Research

respiratory_institute_research

Research

The Mount Sinai – National Jewish Health Respiratory Institute is conducting a number of research studies and clinical trials to improve the diagnosis and treatment of a range of pulmonary diseases and conditions. Our patients have access to the newest emerging treatment options through clinical trial enrollments.

Lung Disease Research Areas

Our investigators are conducting studies in the following areas to improve the detection and treatment of a range of lung conditions:

Asthma: The Asthma Program has a wide range of active research programs, with a central focus on clinical trials of advanced therapies for patients with asthma not controlled with standard therapies. We are also engaged in a variety of multidisciplinary clinical, epidemiological, and translational research programs in collaboration with investigators throughout Icahn School of Medicine. In particular, Linda Rogers, MD, Gwen Skloot, MD, Juan Wisnivesky, MD, Paula Busse, MD, and Alex Federman, MD, have been involved in several inpatient, outpatient, and physician studies assessing the self-management, treatment, and outcomes of inner-city asthmatics, assessing risk factors for asthma among World Trade Center responders, and examining asthma self-management in the elderly. In a new initiative, Respiratory Institute investigators have partnered with scientists from the Icahn Institute for Genomics and Multiscale Biology and LifeMapp Inc. to develop a novel mobile health application that provides monitoring and educational tools for asthma patients using their smart phones.

Chronic Obstructive Pulmonary Disease (COPD): Sidney Braman, MD, and David Yankelevitz, MD, are looking at chest imaging markers, based on analysis of CT scans of patients with COPD to predict Acute Exacerbations of COPD (AECOPD) and to characterize specific phenotypes among these COPD patients. Drs. Wisnivesky and Federman are evaluating the association between health literacy and COPD self-management. In addition, our investigators have participated in studies assessing cognitive decline among patients with COPD.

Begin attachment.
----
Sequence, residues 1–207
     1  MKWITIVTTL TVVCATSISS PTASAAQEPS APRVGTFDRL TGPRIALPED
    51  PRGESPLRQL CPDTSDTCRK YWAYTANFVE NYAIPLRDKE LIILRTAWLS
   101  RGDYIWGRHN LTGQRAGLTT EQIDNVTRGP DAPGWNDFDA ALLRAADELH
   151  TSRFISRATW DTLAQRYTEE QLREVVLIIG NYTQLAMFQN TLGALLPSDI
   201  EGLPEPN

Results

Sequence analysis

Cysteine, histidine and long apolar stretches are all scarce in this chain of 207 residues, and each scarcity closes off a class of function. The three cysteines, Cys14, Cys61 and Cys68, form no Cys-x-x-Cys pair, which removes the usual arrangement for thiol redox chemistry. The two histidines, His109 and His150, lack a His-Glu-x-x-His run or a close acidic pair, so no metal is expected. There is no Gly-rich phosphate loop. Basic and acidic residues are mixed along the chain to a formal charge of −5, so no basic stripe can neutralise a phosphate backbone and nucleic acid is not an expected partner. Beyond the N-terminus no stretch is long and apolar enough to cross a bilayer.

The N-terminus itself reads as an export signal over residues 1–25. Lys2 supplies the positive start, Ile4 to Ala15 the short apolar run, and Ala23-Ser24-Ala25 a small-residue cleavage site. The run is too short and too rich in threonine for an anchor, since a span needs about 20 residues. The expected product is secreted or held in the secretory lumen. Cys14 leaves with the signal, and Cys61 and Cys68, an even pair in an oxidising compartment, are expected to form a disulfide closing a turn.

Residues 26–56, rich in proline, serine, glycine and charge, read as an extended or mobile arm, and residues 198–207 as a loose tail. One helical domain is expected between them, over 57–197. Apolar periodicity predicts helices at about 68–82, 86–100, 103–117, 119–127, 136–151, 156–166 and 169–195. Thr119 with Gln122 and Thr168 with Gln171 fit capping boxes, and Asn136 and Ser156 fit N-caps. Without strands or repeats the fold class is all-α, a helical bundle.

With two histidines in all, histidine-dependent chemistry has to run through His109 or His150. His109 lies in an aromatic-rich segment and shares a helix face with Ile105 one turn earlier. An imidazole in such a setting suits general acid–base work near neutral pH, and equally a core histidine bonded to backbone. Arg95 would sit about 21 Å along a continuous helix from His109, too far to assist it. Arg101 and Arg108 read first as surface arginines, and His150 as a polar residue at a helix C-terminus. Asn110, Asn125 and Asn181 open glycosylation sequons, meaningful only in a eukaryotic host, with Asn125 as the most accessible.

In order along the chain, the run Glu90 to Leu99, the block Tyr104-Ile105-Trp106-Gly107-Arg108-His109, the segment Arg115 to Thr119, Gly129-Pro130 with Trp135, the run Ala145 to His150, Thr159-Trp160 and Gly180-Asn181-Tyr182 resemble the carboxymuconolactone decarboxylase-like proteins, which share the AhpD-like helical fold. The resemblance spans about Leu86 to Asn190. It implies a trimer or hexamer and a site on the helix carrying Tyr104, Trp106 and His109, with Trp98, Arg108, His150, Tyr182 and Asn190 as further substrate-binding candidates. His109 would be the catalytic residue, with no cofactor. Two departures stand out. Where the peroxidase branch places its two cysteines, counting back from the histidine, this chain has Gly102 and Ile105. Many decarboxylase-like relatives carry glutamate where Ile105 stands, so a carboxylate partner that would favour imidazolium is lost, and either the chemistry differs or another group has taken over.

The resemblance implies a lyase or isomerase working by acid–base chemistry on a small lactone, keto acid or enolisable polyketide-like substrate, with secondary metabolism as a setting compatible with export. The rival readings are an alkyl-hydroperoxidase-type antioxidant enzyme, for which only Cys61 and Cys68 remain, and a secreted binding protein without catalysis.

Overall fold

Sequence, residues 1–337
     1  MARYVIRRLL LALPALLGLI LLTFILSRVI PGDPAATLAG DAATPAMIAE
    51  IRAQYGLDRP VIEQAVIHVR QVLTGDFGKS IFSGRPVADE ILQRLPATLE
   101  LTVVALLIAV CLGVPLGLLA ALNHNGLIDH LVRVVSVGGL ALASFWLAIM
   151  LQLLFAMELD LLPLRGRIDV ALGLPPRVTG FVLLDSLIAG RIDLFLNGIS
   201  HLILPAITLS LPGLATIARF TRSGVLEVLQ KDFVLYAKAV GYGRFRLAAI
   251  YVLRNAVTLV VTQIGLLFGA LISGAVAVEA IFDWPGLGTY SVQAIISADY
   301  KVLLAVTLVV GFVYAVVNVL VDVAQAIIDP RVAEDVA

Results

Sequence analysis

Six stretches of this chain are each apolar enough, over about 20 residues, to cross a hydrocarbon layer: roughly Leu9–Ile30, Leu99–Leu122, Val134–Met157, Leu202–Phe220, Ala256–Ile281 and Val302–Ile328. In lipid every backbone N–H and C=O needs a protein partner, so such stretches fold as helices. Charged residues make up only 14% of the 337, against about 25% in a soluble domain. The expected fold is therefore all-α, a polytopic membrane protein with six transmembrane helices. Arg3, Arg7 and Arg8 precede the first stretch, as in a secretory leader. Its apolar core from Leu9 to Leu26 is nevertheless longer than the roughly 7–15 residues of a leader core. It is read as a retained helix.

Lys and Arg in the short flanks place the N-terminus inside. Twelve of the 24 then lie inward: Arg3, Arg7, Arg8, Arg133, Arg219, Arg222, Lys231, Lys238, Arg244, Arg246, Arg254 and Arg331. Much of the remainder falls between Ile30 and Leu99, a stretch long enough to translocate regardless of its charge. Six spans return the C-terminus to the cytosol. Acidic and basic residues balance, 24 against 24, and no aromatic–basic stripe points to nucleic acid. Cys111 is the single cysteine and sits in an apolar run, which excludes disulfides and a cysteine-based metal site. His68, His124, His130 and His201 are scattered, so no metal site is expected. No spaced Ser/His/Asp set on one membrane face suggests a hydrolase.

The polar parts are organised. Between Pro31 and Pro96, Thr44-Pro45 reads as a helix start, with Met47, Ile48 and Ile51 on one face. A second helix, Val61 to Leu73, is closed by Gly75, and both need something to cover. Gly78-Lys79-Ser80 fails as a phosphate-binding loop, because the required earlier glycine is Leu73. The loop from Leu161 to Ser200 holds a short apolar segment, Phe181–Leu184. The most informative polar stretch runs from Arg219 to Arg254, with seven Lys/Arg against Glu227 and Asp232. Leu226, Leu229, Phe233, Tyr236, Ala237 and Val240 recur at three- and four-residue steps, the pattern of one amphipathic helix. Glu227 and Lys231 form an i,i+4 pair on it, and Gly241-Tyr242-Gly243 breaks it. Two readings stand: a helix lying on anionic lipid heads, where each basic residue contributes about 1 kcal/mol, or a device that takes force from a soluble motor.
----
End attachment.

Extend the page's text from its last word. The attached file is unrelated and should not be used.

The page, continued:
Lung Cancer: The Respiratory Institute lung cancer research programs continue to provide important insights into this common disease. The Powell laboratory uses advanced genomics approaches in an NIH RO1-funded study to identify key biological pathways that distinguish aggressive from indolent early stage lung cancers. This research will have increasing importance with the widespread implementation of lung cancer CT screening in 2015, after coverage is approved for high-risk patients. The Mount Sinai Health System screening program will be directed by the Mount Sinai Early Lung and Cardiac program, led by Claudia Henschke, MD, PhD, and Dr. Yankelevitz in collaboration with Charles Powell, MD, and the Respiratory Institute. The Mount Sinai screening program uses state-of-the-art diagnostic testing platforms that provide information about lung cancer risk as well as about risks for COPD and coronary artery disease. The research from this program will drive future innovations in early detection of lung cancer and other respiratory diseases. Dr. Wisnivesky’s NIH-funded research program addresses issues related to diagnosis, treatment, and disparities in care and outcomes of patients with lung cancer. He also studies disparities in lung cancer care.